Following are 3 video predictions for 2012 from Ian Blaine, CEO and co-founder of thePlatform, a leading white-label video publishing company. Ian provides further thoughts on 2012 here.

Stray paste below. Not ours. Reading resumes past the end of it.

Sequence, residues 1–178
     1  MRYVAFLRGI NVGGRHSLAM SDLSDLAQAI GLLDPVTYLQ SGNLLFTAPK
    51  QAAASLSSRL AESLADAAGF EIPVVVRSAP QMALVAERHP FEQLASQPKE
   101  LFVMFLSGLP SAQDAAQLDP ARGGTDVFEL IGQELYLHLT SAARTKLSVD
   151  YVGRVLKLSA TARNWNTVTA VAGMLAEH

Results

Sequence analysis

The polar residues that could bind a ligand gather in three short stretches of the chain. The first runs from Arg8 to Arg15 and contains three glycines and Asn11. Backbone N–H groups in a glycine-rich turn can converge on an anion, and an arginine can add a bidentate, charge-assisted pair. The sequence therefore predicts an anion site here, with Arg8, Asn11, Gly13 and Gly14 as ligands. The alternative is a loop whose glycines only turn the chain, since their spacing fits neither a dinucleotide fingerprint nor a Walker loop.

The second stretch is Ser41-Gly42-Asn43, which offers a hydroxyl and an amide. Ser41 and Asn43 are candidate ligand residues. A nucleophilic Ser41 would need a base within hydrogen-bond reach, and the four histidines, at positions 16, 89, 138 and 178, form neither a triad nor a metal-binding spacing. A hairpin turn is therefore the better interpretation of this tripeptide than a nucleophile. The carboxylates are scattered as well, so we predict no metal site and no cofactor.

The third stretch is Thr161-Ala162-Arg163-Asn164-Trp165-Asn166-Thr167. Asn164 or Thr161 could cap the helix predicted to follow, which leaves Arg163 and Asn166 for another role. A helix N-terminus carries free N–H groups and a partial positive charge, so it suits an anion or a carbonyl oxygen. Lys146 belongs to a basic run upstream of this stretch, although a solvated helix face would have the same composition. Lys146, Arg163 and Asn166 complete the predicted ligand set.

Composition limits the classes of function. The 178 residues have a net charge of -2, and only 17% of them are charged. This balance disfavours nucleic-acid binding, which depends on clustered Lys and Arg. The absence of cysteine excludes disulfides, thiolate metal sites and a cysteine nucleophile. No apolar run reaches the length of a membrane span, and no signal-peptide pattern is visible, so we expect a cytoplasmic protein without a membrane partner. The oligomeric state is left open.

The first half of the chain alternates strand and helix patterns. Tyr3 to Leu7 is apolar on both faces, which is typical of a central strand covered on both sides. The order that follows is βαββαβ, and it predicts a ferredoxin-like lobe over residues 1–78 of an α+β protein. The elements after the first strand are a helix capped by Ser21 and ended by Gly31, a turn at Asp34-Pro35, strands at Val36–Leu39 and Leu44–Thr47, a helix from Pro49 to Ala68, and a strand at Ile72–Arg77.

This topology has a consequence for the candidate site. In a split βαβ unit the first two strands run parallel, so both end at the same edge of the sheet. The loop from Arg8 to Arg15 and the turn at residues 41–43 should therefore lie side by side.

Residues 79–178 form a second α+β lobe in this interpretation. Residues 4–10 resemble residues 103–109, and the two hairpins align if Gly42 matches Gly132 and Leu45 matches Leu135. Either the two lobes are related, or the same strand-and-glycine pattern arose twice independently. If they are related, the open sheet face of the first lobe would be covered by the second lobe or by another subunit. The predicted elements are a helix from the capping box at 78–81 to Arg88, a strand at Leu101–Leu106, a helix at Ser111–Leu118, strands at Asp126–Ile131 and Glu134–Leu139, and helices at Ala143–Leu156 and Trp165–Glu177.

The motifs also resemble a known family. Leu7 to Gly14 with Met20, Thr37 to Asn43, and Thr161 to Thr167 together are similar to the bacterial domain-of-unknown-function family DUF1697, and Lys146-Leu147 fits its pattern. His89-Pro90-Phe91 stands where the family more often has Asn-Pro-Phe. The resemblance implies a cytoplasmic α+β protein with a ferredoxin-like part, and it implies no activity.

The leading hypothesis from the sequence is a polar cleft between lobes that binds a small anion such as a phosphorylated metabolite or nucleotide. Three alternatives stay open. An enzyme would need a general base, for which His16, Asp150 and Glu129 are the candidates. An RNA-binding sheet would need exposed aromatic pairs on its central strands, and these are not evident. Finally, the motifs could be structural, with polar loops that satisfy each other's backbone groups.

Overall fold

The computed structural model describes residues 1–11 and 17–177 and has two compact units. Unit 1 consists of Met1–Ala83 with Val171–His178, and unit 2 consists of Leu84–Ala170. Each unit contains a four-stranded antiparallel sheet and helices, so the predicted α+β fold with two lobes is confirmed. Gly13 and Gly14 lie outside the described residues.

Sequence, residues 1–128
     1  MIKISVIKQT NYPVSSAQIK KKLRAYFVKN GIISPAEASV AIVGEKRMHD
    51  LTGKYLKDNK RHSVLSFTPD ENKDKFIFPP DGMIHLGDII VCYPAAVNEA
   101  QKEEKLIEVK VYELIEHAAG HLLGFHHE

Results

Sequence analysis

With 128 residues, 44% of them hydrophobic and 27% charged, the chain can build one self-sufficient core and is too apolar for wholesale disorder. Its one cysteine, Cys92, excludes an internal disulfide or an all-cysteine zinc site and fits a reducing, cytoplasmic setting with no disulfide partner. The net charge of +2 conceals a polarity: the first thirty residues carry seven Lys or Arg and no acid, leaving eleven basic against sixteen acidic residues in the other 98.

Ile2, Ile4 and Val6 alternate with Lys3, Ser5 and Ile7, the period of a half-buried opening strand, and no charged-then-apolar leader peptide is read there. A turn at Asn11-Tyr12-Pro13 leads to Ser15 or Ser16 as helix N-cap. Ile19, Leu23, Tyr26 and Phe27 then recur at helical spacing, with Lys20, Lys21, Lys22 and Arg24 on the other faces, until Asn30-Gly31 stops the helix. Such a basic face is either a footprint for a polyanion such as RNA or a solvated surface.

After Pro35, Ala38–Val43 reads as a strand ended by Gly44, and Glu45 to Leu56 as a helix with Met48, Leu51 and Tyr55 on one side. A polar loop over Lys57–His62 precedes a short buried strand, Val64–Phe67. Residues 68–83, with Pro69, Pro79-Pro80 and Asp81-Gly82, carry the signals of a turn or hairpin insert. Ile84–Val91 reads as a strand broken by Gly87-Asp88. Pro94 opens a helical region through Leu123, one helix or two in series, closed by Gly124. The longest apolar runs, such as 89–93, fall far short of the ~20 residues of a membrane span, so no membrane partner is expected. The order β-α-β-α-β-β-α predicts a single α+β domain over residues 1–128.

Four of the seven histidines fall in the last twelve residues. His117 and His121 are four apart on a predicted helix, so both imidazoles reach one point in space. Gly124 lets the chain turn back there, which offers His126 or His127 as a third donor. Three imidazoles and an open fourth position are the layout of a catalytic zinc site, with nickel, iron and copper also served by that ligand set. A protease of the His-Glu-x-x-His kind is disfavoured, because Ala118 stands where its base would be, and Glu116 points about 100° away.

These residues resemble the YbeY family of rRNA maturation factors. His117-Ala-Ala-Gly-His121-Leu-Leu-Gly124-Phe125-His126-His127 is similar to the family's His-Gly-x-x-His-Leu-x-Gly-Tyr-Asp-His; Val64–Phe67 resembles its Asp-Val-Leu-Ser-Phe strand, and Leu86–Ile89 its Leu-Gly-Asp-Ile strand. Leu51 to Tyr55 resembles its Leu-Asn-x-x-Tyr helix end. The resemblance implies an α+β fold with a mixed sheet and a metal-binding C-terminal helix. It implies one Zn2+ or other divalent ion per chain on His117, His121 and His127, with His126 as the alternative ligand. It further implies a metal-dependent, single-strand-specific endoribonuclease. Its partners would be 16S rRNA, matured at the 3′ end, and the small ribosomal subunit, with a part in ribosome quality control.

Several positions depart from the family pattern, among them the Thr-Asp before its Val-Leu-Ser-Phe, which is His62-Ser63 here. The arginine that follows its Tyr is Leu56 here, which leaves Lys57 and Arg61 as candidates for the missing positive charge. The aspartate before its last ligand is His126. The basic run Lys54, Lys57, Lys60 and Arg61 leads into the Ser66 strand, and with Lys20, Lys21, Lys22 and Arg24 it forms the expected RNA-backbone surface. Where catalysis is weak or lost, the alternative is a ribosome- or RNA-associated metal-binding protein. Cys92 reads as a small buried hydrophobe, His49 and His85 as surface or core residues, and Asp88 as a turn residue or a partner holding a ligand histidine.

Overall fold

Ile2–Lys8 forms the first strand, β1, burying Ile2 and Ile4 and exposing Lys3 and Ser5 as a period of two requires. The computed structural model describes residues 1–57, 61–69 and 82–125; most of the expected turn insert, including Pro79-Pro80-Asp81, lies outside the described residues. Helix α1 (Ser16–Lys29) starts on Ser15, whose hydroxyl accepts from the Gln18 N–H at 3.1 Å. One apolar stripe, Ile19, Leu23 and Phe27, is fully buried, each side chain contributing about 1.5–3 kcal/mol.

1. The turf war over input A continues in 2012. With tech heavy-weights like Microsoft, Apple and Google all looking to take the role of "input A", the major cable operators are now trying to keep the newcomers at bay by investing in enhancements to keep their subscribers happy and paying. These aren't necessarily mutually exclusive efforts, but it will change the landscape. I expect to see interesting bed-fellows emerge as this market continues to shake out - think Verizon and Microsoft Xbox. So what might this all mean to the industry at large? Media companies will have more routes to reach consumers on TVs than ever before, and operators of all flavors will have to innovate - and innovate quickly - to stay in the game. This will also make rights negotiations over content more intense and competitive, which brings me to my next point. 2. Content will remain THE driving force for the entire video ecosystem. We saw some blockbuster content deals in 2011, with some interesting forays into exclusive windows from Netflix and Hulu. Comcast/NBCU sent a strong message with the lock-up of TV rights for several Olympics to come. I think this will heat up significantly in 2012. Everyone at the negotiations table is more savvy, and there will be a big push to extract as much value as possible for content and content distribution. The equation looks like it's tipping in favor of the content since there are many distributors willing to write big checks. But content owners will have to carefully evaluate their options, balancing premiums for exclusivity vs. the benefits of a wider reach. 3. In 2012, video players will get smarter. Sometimes distributors expect files, sometimes feeds, sometimes players. But increasingly, it seems like content owners want more control over their own branding and advertising. I think that there will be a push in this direction, but for content owners to succeed, video players will need to render on all important devices, handle various forms of authentication, and intelligently enable ad serving that can adapt based on the syndication outlet and the revenue share deal. This means we'll see smarter players and smarter services behind them.
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